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  • #76
    Originally posted by V!NCENT View Post
    Lol, you are all talking about Bluray, Full HD movies and the industry and shit, but has anyone with the right mind ever considdered that all of this shit is never going to run on Linux due to copy protection, DRM and patents? Oh yeah, that's right; I forgot. So stop bitching about this stupid stereo 3D shit.

    Just figure; how many times in your life have you gone through the process of "Wow it's the future! It's gonna kill x and bla bla bla bla bla!!!" ? Times do not change so fast. And when the moment is there it is going to take half a year for someone to hack something up in his/her sparetime and it's there...
    Right... and since the copy protection/drm has been broken and people tend not to respect patents, where does that leave us? Right. It'll play on linux.

    Comment


    • #77
      Originally posted by BlackStar View Post
      "OMG OMG OMG", that sums it all up. All it takes is a good marketing machine and dumb consumers.
      And there you have 100% of Apple's marketing strategy.

      Comment


      • #78
        Originally posted by V!NCENT View Post
        @BlackStar,

        Is this why you're using Gnome?
        Yeah, it's magic.

        Comment


        • #79
          See the supposed HDCP master key released today

          Comment


          • #80
            Originally posted by curaga View Post
            See the supposed HDCP master key released today
            That.

            Is.

            AWESOME!

            Comment


            • #81
              HDCP's been a losing battle for a while. What will be impressive is when there's a library for reconstructing all the bits necessary (it's mostly Java, I believe) to be able to navigate your BD ROMs.

              Comment


              • #82
                Anything that lets me watch a BluRay on my Linux computer without running strange closed-source software is great in my book.

                There is a shelf full of HD movies in my local video rental shop, and I have a 1080p monitor, yet I can't watch any of it. Screw the MPAA mafia.

                Comment


                • #83
                  Originally posted by etnlWings View Post
                  What part of this aren't you getting? That's not a response to the argument I put forward.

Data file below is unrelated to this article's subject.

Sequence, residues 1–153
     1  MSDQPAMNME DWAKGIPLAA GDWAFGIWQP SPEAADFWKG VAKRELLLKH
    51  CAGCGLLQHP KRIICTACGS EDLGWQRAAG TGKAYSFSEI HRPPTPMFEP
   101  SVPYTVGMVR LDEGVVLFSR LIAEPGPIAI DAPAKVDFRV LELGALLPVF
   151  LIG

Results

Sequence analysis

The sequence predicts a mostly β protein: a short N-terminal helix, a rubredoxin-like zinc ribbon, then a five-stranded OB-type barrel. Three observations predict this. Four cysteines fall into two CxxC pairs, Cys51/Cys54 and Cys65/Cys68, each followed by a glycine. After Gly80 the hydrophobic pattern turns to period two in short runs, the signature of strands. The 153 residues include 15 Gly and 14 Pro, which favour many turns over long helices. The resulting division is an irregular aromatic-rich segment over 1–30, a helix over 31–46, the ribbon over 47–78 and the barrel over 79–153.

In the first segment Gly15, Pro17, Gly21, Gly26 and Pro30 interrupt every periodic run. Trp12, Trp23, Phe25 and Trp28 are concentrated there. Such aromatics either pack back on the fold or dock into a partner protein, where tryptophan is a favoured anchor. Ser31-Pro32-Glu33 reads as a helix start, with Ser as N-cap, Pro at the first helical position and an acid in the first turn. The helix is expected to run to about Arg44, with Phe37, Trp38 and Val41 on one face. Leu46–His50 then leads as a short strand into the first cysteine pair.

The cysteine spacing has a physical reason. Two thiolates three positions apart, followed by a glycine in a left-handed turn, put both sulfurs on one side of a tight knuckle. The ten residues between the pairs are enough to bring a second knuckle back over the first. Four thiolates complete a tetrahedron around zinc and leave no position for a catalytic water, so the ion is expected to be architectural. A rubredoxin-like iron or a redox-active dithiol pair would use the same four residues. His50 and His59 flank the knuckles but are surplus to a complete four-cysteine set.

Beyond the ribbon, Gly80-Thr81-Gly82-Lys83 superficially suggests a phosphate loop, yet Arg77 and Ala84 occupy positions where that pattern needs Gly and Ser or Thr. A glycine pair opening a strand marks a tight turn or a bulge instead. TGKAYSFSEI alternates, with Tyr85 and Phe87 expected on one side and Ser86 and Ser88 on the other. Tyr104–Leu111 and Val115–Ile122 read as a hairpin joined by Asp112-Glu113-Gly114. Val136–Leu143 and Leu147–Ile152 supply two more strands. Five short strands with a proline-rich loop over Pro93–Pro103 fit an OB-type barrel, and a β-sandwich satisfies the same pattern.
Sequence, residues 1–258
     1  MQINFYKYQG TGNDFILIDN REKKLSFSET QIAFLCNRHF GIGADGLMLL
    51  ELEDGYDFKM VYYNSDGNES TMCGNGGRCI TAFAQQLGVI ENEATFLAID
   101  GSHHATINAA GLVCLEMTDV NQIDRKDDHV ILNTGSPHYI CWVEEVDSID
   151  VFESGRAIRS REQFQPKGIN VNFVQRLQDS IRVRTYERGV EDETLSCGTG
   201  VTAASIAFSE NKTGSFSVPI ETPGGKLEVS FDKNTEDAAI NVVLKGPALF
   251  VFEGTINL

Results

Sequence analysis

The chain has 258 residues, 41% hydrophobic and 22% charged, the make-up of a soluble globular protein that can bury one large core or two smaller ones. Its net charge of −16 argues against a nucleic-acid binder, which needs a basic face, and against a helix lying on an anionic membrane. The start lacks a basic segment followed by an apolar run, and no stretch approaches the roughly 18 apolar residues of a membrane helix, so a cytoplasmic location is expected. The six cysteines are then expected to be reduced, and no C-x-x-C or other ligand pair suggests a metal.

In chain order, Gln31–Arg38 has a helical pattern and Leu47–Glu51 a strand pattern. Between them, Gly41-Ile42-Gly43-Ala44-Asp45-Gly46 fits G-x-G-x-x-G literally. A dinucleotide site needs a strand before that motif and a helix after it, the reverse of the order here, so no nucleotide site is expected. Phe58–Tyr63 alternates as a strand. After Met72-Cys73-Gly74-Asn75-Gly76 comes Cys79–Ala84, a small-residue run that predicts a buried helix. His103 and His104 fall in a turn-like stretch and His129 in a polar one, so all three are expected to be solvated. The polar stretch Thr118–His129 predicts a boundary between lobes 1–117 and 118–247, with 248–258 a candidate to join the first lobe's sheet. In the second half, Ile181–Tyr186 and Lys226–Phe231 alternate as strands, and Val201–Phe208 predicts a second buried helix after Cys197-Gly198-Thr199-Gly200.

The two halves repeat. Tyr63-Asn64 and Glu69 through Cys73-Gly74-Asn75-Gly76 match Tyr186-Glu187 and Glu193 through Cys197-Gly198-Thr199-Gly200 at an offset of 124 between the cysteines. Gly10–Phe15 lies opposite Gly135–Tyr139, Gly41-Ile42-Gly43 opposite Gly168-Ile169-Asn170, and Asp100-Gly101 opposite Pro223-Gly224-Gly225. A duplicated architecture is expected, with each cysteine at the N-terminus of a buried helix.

I suppose I should have spelled it out more clearly, that given certain market conditions, technology adoption tends to happen at a fairly brisk rate. Without going back through the thread, it seemed like your argument was that a significant portion of the population doesn't require the latest and greatest tech to meet their specific use cases (based on the VCD quality comment, etc). I fully understand this, and agree, many people aren't early adopters. I still have an old CRT SDTV at home. But, even if I _wanted_ to, I couldn't go out and buy an SDTV without spending quite some time searching for one shopping at retail stores. Blu-ray is supplanting DVD sales much faster than the switch from VHS to DVD, so barring digital distribution, Blu-ray is on track to become the standard for content distribution regardless of how many people think DVD resolution is just fine for them. 3D blu-ray releases could very well be the standard distribution type for releases in the next few years.

                  ...never mind whether anyone uses it. My HDTV came loaded with recipes and meditation routines. I didn't ask for any of it and I sure as hell don't use it (let alone require that my PC and receiver be new-age-bullshit-enabled) but by your logic, that makes me a 'holistic raw food' chef.
                  Last I checked, there wasn't an industry wide push for cook-book TV's. Small additions which help with product differentiation aren't in the same league as major feature sets like 1080p or stereo support.

                  Excuse my brusque manner but learn to read. Your evidence doesn't support your premise. Your proceeding argument was a blatant strawman.
                  Learn to comprehend and debate then. My premise is quite simple, the entertainment industry is showing a strong embrace of stereo in the upcoming year(s), therefore there ought to be plans in place supporting it in the free driver set. At the very least, make sure that it's accounted for early on so that there's not a "crap, we need redo significant parts of the driver to do this" when / if the devs can get around to it.

                  If standardization efforts for stereo formats for general consumer use, stereo hardware production, and stereo content production doesn't show a strong embrace of stereo then I'm not sure what would be considered embracing stereo. Making baseless assertions about the status of stereo within the industry doesn't help support your position, which, I think is that stereo support isn't important for the drivers (correct me if I'm wrong here).

                  We probably have two different views on the importance of content. In my view (as a Linux only user for several years now), being able to use current content is important. A technical problem like "we can't support stereo" is something that should be avoided if possible. Again I agree on the premise of getting basic OGL support in place first, so in that regard I think we're in violent agreement. I think that stereo support should be high on the "after initial OGL support is working" feature list based on the reasoning above.